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Diss Factsheets

Administrative data

Henry's law constant
Type of information:
Adequacy of study:
supporting study
2 (reliable with restrictions)
Rationale for reliability incl. deficiencies:
other: Scientifically acceptable calculation method
Justification for type of information:
The Henry Law Constant has only been calculated for the PNEC calculation, this endpoint is not a REACH requirement for Annex VIII registration and hence, it is only entered as supporting study with limited documentation.

HENRYWIN estimates the Henry's Law Constant of organic compounds at 25°C using the methodology originally described by Hine and Mookerjee (1975). The original methodology was updated and expanded at Syracuse Research Corporation as described in Meylan and Howard (1991). A subsequent update (HENRYWIN version 2) included additional fragment and correction factors. The current HENRYWIN program (version 3) extends the methodology to allow estimation of Henry's law constant over a temperature range (0 to 50°C). In addition, version 3 includes an experimental Henry's law constant database of 1829 compounds.

HENRYWIN estimates Henry's Law Constant (HLC) by two separate methods that yield two separate estimates. The first method is the Bond Contribution Method and the second is the Group Contribution Method. The Bond Method is able to estimate many more types of structures than the Group Method because it has a more extensive library of bond contribution values.

HENRYWIN requires only a chemical structure to make these predictions. Structures are entered into HENRYWIN by SMILES (Simplified Molecular Input Line Entry System) notations.

The following abstract from the Meylan and Howard (1991) article briefly summarizes the bond methodology:

"Bond contribution values, used to estimate Henry's law constant (HLC)(air-to-water partition coefficient) from chemical structure, have been determined for 59 chemical bonds by a least-square analysis of HLCs for 345 organic compounds. A correlation coefficient (r2) of 0.94 was determined for the relationship between known LWAPCs (log water-to-air partition coefficients) and bond estimated LWAPCs for the 345 compound data set. The correlation increases to 0.97 when quantified correction factors are applied to selected chemical classes. The ability of the bond method to estimate LWAPCs is demonstrated by a validation test set of 74 diverse and structurally complex compounds that were not included in the least-square analysis. The correlation coefficient for the validation set is 0.96." (Note: the bond value and correction factor list has been expanded significantly since the journal article was published).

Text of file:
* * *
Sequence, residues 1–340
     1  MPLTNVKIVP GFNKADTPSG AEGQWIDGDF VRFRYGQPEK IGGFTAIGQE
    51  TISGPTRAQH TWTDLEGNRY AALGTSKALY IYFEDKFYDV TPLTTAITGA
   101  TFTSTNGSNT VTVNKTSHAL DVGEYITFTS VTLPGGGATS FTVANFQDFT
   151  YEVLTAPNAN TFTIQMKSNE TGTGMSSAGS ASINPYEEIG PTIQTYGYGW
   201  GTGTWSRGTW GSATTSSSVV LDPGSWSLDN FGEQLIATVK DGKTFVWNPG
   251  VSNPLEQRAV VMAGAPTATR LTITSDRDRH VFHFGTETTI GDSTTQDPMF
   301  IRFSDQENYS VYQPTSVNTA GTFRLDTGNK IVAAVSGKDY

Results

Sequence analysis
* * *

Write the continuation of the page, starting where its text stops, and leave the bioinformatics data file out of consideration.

The bond and group contribution values in HENRYWIN use log units described by either LWAPC (log water-to-air partition coefficient) or Log Gamma. LWAPC and Log Gamma are the same; they reflect the terminology of the respective journal articles. They are the logarithm of the reciprocal unitless HLC. The unitless HLC is converted to units of atm-m3/mole by multiplying it by the gas constant (8.206x10-5 atm-m3/mole K) and the temperature (deg K).


Hine, J. and Mookerjee, P.K. 1975. The intrinsic hydrophilic character of organic compounds. Correlations in terms of structural contributions. J. Org. Chem. 40: 292-298.

Meylan WM, Howard PH. 1991. Bond contribution method for estimating Henry's law constants. Environ Toxicol Chem 10:1283–93.

Data source

EPI Suite Version 4.10
Bibliographic source:
HenryWin v3.20

Materials and methods

Test guideline
according to guideline
other: REACH guidance on QSARs Chapter R.6 , May 2008
not applicable
Principles of method if other than guideline:
The calculation of the Henry´s Law Constant of the test material was performed with US-EPA software EPIWIN/HENRYWIN v3.20. The Program uses two different models for this approach: Bond Method and Group Method.
GLP compliance:
(not applicable)

Test material

Constituent 1
Chemical structure
Reference substance name:
2,3-epoxypropyl isopropyl ether
EC Number:
EC Name:
2,3-epoxypropyl isopropyl ether
Cas Number:
Molecular formula:
Test material form:
not specified
Details on test material:
- Name of test material (as cited in study report) : Oxirane, (1-methylethoxy)methyl -

Results and discussion

Henry's Law constant Hopen allclose all
0.334 Pa m³/mol
25 °C
Remarks on result:
other: Bond method estimation
0.062 Pa m³/mol
25 °C
Remarks on result:
other: Group method estimation

Applicant's summary and conclusion

The study report describes a scientifically accepted calculation method for the biodegradability prediction using the US-EPA software HENRYWIN v3.20 .No GLP criteria are applicable for the usage of this tool and the QSAR estimation is easily repeatable.
Executive summary:

The prediction for the distribution between aqueous solution and air for the test substance was determined by the computer program HENRYWIN v3.20 (EPIWIN software) by US-EPA . Henry´s law states that the solubility of a gas in a liquid solution at a constant temperature will be proportional to the partial pressure of the gas which is above the solution (Henry, W., 1803). Sometimes, the term “air/water partition coefficient” refers to the dimensionless Henry´s law constant (HLC) and therefore describes the ration of the equilibrium concentration of a dissolved substance in air and water.

The program calculates the Henry´s Law Constant based on the Bond Method of 3.34 E-001 Pa*m³/mol at an ambient temperature of 25 °C. The Group Method shows a value of 6.23 E-002 Pa*m³/mol at an ambient temperature of 25 °C as result .